Maranda Pleasant: You’re turning 80. You’ve had a historic life. What does that feel like?
Yoko Ono: A start of a second life.
MP: What is age to you?
YO: The higher the number, the higher the joy.
MP: You’ve had nearly ten #1 dance singles. Why is this one important? Is this one different?
YO: This one, I created with a partner. It was a great feeling to know that I could do that in this genre.
MP: What was it like creating with Dave Audé?
YO: He is the top of this genre. I am a lucky girl.
MP: This is one of your first penned dance tracks in a while, What does it mean to you?
YO: “This is what I can do from now. I’ve got a few songs for it already, don’t I?” Well, that’s what I thought as soon as I played what we did. Getting into creating in a new genre is like arriving to a new country.
MP: Do you feel loved? Is that important to you, to feel loved? What is love to you?
YO: Love is what I give to the one I love.
MP: Do you care about public opinion? Does it affect you if your work is/isn’t embraced?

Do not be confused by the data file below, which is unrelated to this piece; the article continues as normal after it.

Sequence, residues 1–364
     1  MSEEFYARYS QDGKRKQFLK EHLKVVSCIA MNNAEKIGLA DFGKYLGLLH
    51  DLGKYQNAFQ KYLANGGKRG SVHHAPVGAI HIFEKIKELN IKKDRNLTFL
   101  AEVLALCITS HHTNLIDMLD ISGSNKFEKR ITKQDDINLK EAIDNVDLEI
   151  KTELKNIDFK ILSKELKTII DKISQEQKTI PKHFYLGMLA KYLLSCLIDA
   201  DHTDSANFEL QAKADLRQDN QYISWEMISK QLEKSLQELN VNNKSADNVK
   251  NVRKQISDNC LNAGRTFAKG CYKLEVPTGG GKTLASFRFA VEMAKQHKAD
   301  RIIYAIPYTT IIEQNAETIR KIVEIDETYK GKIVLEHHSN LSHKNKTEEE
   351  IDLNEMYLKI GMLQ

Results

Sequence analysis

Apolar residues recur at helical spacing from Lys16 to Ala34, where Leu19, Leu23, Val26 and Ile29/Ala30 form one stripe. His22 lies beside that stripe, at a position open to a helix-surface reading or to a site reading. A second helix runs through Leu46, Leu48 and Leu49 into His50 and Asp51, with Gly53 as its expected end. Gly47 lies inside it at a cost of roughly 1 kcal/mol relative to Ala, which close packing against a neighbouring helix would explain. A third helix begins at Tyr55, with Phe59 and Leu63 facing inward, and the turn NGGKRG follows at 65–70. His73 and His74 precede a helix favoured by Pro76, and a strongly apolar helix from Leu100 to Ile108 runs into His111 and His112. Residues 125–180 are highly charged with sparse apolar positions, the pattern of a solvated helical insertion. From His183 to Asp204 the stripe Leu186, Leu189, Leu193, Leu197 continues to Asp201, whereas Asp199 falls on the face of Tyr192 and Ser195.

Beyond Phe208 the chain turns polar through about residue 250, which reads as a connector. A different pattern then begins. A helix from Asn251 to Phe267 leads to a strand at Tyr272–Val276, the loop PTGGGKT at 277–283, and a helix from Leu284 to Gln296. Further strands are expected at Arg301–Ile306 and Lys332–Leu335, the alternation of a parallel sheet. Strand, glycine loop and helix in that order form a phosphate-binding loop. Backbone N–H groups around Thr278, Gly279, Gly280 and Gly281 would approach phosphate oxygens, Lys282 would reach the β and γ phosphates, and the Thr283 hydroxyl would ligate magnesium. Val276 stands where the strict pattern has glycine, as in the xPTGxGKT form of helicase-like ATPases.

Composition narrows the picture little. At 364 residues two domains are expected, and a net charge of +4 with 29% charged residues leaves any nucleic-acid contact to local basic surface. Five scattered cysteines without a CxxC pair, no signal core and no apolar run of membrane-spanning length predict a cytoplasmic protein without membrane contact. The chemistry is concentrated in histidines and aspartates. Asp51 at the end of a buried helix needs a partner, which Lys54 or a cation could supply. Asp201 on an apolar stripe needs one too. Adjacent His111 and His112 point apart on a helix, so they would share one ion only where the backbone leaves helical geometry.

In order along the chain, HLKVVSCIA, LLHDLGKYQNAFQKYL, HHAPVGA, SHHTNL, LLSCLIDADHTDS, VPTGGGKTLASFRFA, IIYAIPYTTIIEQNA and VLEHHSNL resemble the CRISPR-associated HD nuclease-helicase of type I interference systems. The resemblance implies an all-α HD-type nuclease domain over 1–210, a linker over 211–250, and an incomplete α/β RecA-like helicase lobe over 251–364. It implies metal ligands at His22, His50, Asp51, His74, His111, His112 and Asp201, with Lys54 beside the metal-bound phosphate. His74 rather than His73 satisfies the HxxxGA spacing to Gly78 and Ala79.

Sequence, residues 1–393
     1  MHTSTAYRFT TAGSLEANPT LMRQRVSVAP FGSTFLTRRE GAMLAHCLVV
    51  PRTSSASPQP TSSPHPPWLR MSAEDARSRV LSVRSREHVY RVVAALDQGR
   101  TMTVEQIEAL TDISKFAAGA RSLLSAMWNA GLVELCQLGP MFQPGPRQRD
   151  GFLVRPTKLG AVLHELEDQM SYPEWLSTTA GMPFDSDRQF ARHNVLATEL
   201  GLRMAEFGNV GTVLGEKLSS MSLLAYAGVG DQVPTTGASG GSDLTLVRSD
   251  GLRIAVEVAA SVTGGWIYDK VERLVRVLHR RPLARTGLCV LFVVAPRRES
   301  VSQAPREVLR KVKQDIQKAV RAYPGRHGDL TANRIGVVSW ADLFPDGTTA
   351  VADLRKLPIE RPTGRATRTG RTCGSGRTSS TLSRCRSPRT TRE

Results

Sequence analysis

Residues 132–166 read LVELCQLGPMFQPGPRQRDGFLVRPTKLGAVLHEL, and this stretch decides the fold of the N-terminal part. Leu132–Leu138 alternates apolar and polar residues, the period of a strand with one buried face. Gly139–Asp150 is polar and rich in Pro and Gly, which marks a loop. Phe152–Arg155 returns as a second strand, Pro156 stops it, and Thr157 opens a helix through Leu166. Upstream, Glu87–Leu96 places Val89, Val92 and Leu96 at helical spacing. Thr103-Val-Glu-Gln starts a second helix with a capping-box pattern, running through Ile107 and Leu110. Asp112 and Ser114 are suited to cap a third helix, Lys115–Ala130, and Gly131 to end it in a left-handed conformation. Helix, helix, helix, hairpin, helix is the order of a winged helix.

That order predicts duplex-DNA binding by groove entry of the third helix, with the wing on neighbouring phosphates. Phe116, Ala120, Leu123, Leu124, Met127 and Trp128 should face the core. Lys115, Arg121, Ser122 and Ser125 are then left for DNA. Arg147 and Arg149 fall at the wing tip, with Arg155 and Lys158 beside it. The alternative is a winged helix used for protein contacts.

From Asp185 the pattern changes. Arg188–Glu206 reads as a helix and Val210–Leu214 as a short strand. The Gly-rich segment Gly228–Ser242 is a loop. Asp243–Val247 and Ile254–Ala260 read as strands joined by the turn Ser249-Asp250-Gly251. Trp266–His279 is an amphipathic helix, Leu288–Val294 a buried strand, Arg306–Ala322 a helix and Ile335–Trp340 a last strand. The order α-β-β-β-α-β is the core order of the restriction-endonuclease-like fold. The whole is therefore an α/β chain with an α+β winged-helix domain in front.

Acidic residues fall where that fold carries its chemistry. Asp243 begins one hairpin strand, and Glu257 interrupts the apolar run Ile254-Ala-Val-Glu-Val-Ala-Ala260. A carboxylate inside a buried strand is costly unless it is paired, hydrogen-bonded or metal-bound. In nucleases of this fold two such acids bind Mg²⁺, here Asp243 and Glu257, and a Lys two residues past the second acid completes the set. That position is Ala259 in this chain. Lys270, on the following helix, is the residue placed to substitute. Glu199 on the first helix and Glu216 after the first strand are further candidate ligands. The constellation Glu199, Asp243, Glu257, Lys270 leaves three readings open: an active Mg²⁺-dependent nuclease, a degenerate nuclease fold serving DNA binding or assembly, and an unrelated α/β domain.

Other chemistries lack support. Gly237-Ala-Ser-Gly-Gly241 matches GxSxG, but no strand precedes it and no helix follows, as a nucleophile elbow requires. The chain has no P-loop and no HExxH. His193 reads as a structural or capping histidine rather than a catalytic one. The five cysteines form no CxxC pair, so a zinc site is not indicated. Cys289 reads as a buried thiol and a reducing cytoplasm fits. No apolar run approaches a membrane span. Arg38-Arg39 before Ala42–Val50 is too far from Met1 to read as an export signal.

YO: My work was not embraced for many decades. I would have killed myself if getting embraced affected me so much.
MP: You are a strong, powerful artist. A legendary female who doesn’t seem to want/need approval.
Was it always this way?
YO: I didn’t mind getting some approval. It would have helped my work to go places. But I didn’t get it. Should I have jumped in an icy river or something? Instead, I just became a good dancer.
MP: What makes you come most alive?
YO: When I’m inspired with a new idea.
MP: How do these remixes impact your current music writing?
YO: After I created “Hold Me” with DAVE AUDE, I made a “rock/pop” album that follows Between My Head and The Sky, with Sean being my co-producer. I kept telling myself, Wow! Now I can do an old and a new genre, as my body swung with the beat of “Hold Me.”
MP: If you could say something to every woman on the planet, what would it be?
YO: You are beautiful. Don’t ever think you are not. It may be such a compliment that does not come from a man too often. They are shy, proud, and rude. Give yourself some love. And walk as what you are—a beautiful woman. All your life.
MP: Tell me about your passion with speaking out on fracking? We’re running features every issue with Bill Mckibben, Josh Fox, Mark Ruffalo, and others. What is Artists Against Fracking?
YO: I’m glad you are spelling the name right in your magazine, in your question to me, and probably in your dream. But don’t spell fracking. Spell NO MORE FRACKING. Because that’s what we need.
MP: Thank you, Yoko.
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